How to Replace a Lost Defensive Driving Completion Certificate

Date posted: 08/02/2012

by Kathy Teel on
in Tickets & Violations

3400 How to Replace a Lost Defensive Driving Completion Certificate

If you rack up a few speeding tickets, the court might require you to attend traffic school.

Depending on your state’s laws and your personal situation, what you lose in time you could gain in point reduction on your driver’s license. Courts and insurance companies often require proof that you’ve completed these courses in order to get rid your record of traffic violations.

But what if you’ve taken a mandated defensive driving course and can no longer find your certificate of completion?

Replacing a Lost Defensive Driving Completion Certificate

    • If you attended a brick-and-mortar traffic school, whether run by the state or an approved private agency, call or email the registrar’s office and ask for a copy of the completion certificate. These will often cost a nominal fee. The agency will either provide you with a paper copy of the certificate at the office or send you one in the mail.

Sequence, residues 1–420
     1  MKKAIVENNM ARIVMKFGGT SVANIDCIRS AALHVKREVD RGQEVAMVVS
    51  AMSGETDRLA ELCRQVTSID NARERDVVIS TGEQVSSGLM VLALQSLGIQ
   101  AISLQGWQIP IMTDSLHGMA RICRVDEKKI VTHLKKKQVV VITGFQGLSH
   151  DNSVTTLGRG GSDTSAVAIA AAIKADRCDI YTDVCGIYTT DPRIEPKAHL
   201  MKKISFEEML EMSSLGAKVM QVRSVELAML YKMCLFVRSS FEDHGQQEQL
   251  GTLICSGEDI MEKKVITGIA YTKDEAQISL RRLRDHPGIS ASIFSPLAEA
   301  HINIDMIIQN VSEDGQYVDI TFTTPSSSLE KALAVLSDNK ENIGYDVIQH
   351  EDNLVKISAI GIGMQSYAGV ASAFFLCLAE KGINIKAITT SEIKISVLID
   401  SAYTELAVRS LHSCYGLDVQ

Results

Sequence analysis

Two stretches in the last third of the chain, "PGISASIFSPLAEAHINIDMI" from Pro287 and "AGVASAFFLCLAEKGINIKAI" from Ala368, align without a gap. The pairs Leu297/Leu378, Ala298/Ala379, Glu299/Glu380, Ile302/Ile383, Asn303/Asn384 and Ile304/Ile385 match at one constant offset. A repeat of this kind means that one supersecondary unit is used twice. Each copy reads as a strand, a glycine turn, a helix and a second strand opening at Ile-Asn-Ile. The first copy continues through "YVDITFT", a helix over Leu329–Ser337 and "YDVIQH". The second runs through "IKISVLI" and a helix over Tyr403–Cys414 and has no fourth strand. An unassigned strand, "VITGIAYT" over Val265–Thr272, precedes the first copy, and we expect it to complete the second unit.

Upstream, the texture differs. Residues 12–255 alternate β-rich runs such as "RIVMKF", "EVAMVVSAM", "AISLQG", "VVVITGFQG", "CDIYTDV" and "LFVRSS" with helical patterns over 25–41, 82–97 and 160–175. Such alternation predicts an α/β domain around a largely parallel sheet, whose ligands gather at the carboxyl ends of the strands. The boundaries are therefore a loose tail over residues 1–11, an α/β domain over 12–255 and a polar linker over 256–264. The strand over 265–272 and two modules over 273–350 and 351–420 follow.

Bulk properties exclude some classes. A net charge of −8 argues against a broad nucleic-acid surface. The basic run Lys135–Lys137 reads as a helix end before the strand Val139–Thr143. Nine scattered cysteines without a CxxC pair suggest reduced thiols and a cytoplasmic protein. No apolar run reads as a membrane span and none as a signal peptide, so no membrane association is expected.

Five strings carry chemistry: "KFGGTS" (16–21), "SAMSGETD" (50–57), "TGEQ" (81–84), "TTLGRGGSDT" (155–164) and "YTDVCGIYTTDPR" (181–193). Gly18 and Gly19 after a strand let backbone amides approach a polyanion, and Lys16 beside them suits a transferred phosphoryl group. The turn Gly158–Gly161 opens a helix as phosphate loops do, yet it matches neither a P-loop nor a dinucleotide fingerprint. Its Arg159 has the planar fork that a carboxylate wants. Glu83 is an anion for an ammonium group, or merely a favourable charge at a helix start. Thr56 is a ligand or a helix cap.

• If you attended an online defensive driving course, there is usually a link on the school’s website (often located on the Frequently Asked Questions page), which will lead you to a form. Again, the school might charge you a small fee for the service, but the certificate usually arrives in your inbox automatically, and can be either printed, forwarded, or downloaded.

It’s worth the few minutes of extra time to replace a lost defensive driving completion certification. It’s the proof that you’ve satisfied the law and have taken responsibility for your traffic tickets.

Have you ever attended traffic school and lost your completion certificate? How did you obtain a replacement?

About Kathy Teel

Kathy Teel is a freelance writer and editor, a sometime college instructor, and a perpetual student. She has written extensively in the areas of local law, business, politics, addiction and recovery, marriage and sexuality, parenting, education, and religion and spirituality. She is a founding member of her town’s community theatre and works with learning disabled children in her local school. She makes her home in Missouri with her husband, another writer/ editor/ student/ actor, and her three incredibly talented children. Kathy has been writing for a living since 2006, and would love to consider new projects. Contact her at More articles by Kathy Teel

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